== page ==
Rule 21 Transfer for Prejudice in the District
Although a showing of actual prejudice is not a prerequisite for a
21(a) transfer, Estes v. State of Texas, 381 U.S. 532 (1965),
denied, 382 U.S. 875 (1965), there must be a showing of identifiable
prejudice, United States v. Hinton, 268 F. Supp. 728 (E.D.La. 1967)
a court to order the transfer of a case to another district under Fed. R.
P. 21. After a motion by defendant under Rule 21(a) is made and once the
is satisfied that a transfer is necessary to insure a fair and impartial
the order of transfer may not be revoked by the defendant's change of mind
(though the court may have the authority to rescind the transfer in its
discretion), United States v. Anguilo, 497 F.2d 440 (1st Cir. 1974),
cert. denied, 419 U.S. 896; United States v. Marcello, 423
(5th Cir. 1970), cert. denied, 398 U.S. 959, reh'g denied, 399
When a Rule 21(a) motion is made, "the ultimate question is whether
is possible to select a fair and impartial jury, and the proper occasion for
a determination is upon the voir dire examination." United States v.
Rewald, 889 F.2d 836, 863, (9th Cir.1989), quoting, United
v. McDonald, 576 F.2d 1350, 1354 (9th Cir.1978), cert. denied,
U.S. 830, 927 (1978); Haldeman v. United States, 559 F.2d 31, 63-64,
(D.C.Cir.1976), cert. denied, 431 U.S. 933 (1977). "There is no
rule prescrib[ing] the type of voir dire examination which is necessary to
protect against prejudicial pretrial publicity." United States v.
597 F.2d 1170, 1183 (9th Cir.1979), cert. denied, 444 U.S. 979
The appropriate scope and detail of voir dire depend on the "level of
publicity and the discretion of the court." Id. at 1183.
The court must also be sensitive to prejudicial publicity.
v. Maxwell, 384 U.S. 333 (1965); Estes v. State of Texas, 381
532. The court may disregard prospective jurors' assurances of impartiality
there is a well grounded fear that a prejudicial atmosphere would prevent a
trial; Sheppard v. Maxwell. Although jurors must be impartial, they
not be totally ignorant of the facts. Irwin v. Dowd, 366 U.S. 717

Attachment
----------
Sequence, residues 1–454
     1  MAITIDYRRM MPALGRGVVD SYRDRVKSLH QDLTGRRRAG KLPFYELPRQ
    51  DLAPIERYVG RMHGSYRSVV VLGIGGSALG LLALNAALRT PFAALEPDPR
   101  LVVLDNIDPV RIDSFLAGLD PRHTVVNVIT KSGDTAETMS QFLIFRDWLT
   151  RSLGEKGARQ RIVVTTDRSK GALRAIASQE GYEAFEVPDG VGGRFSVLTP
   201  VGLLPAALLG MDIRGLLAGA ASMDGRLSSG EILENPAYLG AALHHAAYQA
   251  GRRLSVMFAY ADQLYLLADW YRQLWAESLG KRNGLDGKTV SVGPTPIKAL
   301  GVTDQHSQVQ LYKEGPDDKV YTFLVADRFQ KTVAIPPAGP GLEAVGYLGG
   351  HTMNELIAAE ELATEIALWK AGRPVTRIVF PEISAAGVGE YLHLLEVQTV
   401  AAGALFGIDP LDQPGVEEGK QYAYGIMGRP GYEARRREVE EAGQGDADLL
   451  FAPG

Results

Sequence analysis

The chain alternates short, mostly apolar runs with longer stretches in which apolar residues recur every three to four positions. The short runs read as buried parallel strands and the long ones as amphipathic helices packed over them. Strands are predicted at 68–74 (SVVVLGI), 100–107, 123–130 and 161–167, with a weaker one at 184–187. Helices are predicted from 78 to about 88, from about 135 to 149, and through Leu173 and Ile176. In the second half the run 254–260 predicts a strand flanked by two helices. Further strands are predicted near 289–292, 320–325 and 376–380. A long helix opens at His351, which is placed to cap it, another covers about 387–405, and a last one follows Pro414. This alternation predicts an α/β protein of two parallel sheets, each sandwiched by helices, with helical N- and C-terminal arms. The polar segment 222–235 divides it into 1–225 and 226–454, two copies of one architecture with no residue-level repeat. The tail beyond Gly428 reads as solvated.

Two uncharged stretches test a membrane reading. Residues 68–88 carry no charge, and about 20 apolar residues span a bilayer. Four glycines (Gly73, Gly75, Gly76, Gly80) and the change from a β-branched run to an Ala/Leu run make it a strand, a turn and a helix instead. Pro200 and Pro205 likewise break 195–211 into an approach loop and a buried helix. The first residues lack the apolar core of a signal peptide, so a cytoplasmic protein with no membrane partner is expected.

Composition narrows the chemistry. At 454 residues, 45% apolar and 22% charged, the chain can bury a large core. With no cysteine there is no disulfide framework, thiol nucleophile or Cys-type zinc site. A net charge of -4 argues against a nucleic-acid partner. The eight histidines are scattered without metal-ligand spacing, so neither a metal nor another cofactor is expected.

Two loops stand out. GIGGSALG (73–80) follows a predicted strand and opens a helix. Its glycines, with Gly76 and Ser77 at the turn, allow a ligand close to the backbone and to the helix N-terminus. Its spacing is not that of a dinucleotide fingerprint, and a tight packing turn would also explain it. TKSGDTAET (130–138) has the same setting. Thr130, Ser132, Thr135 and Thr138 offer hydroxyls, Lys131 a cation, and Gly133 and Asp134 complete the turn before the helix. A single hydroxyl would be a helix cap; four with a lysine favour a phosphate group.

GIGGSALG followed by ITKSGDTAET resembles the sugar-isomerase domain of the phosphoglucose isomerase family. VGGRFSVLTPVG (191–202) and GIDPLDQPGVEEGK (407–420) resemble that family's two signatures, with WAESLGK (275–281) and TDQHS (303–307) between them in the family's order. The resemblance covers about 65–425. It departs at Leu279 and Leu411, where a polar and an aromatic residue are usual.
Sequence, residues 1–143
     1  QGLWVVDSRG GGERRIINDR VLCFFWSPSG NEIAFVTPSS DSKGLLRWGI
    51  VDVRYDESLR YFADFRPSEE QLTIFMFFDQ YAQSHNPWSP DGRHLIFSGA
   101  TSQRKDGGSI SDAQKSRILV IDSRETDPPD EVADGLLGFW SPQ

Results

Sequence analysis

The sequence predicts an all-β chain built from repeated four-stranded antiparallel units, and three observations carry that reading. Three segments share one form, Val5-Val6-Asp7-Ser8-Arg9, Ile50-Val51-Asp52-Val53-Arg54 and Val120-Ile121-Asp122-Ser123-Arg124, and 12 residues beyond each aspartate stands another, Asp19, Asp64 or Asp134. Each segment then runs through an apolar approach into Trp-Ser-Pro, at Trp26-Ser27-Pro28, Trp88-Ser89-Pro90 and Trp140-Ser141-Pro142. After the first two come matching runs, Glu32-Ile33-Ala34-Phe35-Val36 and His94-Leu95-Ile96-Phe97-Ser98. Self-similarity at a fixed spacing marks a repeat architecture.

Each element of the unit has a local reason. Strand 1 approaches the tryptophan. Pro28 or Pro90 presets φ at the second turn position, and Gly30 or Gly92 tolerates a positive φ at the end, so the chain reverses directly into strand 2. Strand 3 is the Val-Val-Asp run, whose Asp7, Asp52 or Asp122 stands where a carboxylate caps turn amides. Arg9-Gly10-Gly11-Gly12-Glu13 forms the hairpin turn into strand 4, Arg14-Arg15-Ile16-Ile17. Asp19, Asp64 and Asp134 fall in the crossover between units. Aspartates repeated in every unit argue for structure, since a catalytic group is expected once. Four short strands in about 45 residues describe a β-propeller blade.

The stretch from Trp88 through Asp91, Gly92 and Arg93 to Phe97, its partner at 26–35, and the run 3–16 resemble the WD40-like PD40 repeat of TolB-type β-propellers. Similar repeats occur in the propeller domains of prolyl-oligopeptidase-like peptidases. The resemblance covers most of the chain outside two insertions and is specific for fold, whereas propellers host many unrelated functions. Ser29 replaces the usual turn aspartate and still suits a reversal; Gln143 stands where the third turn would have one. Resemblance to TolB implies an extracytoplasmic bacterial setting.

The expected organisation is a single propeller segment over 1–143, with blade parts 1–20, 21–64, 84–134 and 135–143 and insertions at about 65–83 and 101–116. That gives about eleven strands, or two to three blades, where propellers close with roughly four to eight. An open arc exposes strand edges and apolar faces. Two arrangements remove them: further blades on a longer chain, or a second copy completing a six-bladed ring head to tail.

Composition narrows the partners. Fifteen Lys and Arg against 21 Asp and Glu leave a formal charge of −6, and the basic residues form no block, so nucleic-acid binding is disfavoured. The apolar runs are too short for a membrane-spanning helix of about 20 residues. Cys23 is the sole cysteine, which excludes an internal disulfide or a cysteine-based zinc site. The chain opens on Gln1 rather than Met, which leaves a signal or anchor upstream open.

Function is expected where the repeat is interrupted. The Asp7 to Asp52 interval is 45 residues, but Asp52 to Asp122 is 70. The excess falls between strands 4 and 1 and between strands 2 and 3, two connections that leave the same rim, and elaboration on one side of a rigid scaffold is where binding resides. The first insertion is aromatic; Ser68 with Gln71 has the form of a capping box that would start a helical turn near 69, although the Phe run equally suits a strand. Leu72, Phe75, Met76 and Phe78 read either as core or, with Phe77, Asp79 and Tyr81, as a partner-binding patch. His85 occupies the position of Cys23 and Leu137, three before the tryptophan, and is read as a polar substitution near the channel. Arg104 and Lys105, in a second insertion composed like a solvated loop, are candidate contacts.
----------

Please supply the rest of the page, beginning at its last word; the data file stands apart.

The Court said in Irwin that with the swift, ubiquitous and diverse
of communication available today one could scarcely expect that "any of
best qualified to serve as jurors will not have formed some impression or
as to the merits of the case. This is particularly true in criminal cases."
Furthermore, said the Court: "It is sufficient if the juror can lay aside
impression or opinion and render a verdict based on the evidence presented
court." Id. at 722-723. See Murphy v. Florida, 421
794, 800 (1975); Jeffries v. Blodgett, 5 F.3d 1180, 1189 (9th
cert. denied, 114 S.Ct. 1294 (1994); Seattle Times v. U.S.
Court for the Western District of Washington, 845 F.2d 1513, 1517-18
The Court's discretion is necessarily broad in the area of pretrial
publicity. Indeed a "special deference," is given to trial courts in this
Patton v. Yount, 467 U.S. 1025, 1038 (1984), and the trial court's
of impartiality may be overturned only for manifest error. Mu'Min v.
Virginia, 500 U.S. 415, 428 (1991); Irvin v. Dowd, 366 U.S. at
United States v. Giese, 597 F.2d at 1184 ("Unless a trial judge
has erred in his estimation of the action needed to uncover and prevent
from pretrial publicity, an appellate court should not intervene and impose
estimate"). In Mu'Min the Supreme Court displayed its confidence in
ability of trial judges, through the voir dire process, to protect
against prejudicial pretrial publicity. The Court said: "Particularly with
respect to pretrial publicity, we think this primary reliance on the
the trial court makes good sense. The judge of that court sits in the
where the publicity is said to have its effect, and brings to the evaluation
any such claim his own perception of the depth and extent of news stories
might influence a juror." 500 U.S. at 427.
Although many cases suggest that voir dire is the proper time for
court to determine the question of whether a fair and impartial trial can be
because of the claim of prejudice against a defendant in a district, there
requirement that the determination be made at voir dire, and it can be made
whenever the court "is satisfied" that it has sufficient information to make
decision. United States v. Marcello, 423 F.2d 993. Cost and time
important considerations when it has to be decided whether or not to
case out of a district. If cost and time are major obstacles, the court may
decide against transferring a case even before voir dire. United States
Engleman, 489 F. Supp. 48, 50 (E.D.Mo. 1980). Nevertheless, voir dire
to confirm a court's decision and buttress the showing of no abuse in the
decision. United States v. Smaldone, 485 F.2d 1333 (10th Cir. 1973),
cert. denied, 416 U.S. 936, reh'g denied, 416 U.S.
Bearden v. United States, 320 F.2d 99 (5th Cir. 1963). Dismissal on
showing of prejudicial pretrial publicity caused by the government is not a
proper remedy on motion of a transfer, and normally voir dire must be
to test whether a fair trial can be held in the district, United States
Abbott Laboratories, 505 F.2d 565 (4th Cir. 1974), cert. denied,